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In spite of the hard conditions in which they were placed, life among the political prisoners seemed very good to Katusha after the depraved, luxurious and effeminate life she had led in town for the last six years, and after two months' imprisonment with criminal prisoners. The fifteen to twenty miles they did per day, with one day's rest after two days' marching, strengthened her physically, and the fellowship with her new companions opened out to her a life full of interests such as she had never dreamed of. People so wonderful (as she expressed it) as those whom she was now going with she had not only never met but could not even have imagined.
"There now, and I cried when I was sentenced," she said. "Why, I must thank God for it all the days of my life. I have learned to know what I never should have found out else."
The motives she understood easily and without effort that guided these people, and, being of the people, fully sympathised with them. She understood that these persons were for the people and against the upper classes, and though themselves belonging to the upper classes had sacrificed their privileges, their liberty and their lives for the people. This especially made her value and admire them. She was charmed with all the new companions, but particularly with Mary Pavlovna, and she was not only charmed with her, but loved her with a peculiar, respectful and rapturous love. She was struck by the fact that this beautiful girl, the daughter of a rich general, who could speak three languages, gave away all that her rich brother sent her, and lived like the simplest working girl, and dressed not only simply, but poorly, paying no heed to her appearance. This trait and a complete absence of coquetry was particularly surprising and therefore attractive to Maslova. Maslova could see that Mary Pavlovna knew, and was even pleased to know, that she was handsome, and yet the effect her appearance had on men was not at all pleasing to her; she was even afraid of it, and felt an absolute disgust to all love affairs. Her men companions knew it, and if they felt attracted by her never permitted themselves to show it to her, but treated her as they would a man; but with strangers, who often molested her, the great physical strength on which she prided herself stood her in good stead.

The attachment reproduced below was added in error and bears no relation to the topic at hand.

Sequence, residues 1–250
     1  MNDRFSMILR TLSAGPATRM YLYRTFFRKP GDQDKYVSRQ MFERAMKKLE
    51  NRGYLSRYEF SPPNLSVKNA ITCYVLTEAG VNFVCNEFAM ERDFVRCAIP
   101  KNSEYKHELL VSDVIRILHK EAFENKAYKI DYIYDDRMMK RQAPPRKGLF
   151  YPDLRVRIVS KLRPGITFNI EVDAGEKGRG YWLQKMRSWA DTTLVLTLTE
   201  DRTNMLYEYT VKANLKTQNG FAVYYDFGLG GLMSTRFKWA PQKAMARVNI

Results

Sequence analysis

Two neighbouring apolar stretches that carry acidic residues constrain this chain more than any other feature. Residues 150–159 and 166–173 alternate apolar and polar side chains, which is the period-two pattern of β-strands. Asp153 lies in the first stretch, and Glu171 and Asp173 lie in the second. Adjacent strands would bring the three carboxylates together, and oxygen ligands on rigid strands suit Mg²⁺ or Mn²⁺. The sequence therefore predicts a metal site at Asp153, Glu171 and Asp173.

"It happened once," she said to Katusha, "that a man followed me in the street and would not leave me on any account. At last I gave him such a shaking that he was frightened and ran away."
She became a revolutionary, as she said, because she felt a dislike to the life of the well-to-do from childhood up, and loved the life of the common people, and she was always being scolded for spending her time in the servants' hall, in the kitchen or the stables instead of the drawing-room.
"And I found it amusing to be with cooks and the coachmen, and dull with our gentlemen and ladies," she said. "Then when I came to understand things I saw that our life was altogether wrong; I had no mother and I did not care for my father, and so when I was nineteen I left home, and went with a girl friend to work as a factory hand."
After she left the factory she lived in the country, then returned to town and lived in a lodging, where they had a secret printing press. There she was arrested and sentenced to hard labour. Mary Pavlovna said nothing about it herself, but Katusha heard from others that Mary Pavlovna was sentenced because, when the lodging was searched by the police and one of the revolutionists fired a shot in the dark, she pleaded guilty.
As soon as she had learned to know Mary Pavlovna, Katusha noticed that, whatever the conditions she found herself in, Mary Pavlovna never thought of herself, but was always anxious to serve, to help some one, in matters small or great. One of her present companions, Novodvoroff, said of her that she devoted herself to philanthropic amusements. And this was true. The interest of her whole life lay in the search for opportunities of serving others. This kind of amusement had become the habit, the business of her life. And she did it all so naturally that those who knew her no longer valued but simply expected it of her.
When Maslova first came among them, Mary Pavlovna felt repulsed and disgusted. Katusha noticed this, but she also noticed that, having made an effort to overcome these feelings, Mary Pavlovna became particularly tender and kind to her. The tenderness and kindness of so uncommon a being touched Maslova so much that she gave her whole heart, and unconsciously accepting her views, could not help imitating her in everything.
This devoted love of Katusha touched Mary Pavlovna in her turn, and she learned to love Katusha.
These women were also united by the repulsion they both felt to sexual love. The one loathed that kind of love, having experienced all its horrors, the other, never having experienced it, looked on it as something incomprehensible and at the same time as something repugnant and offensive to human dignity.
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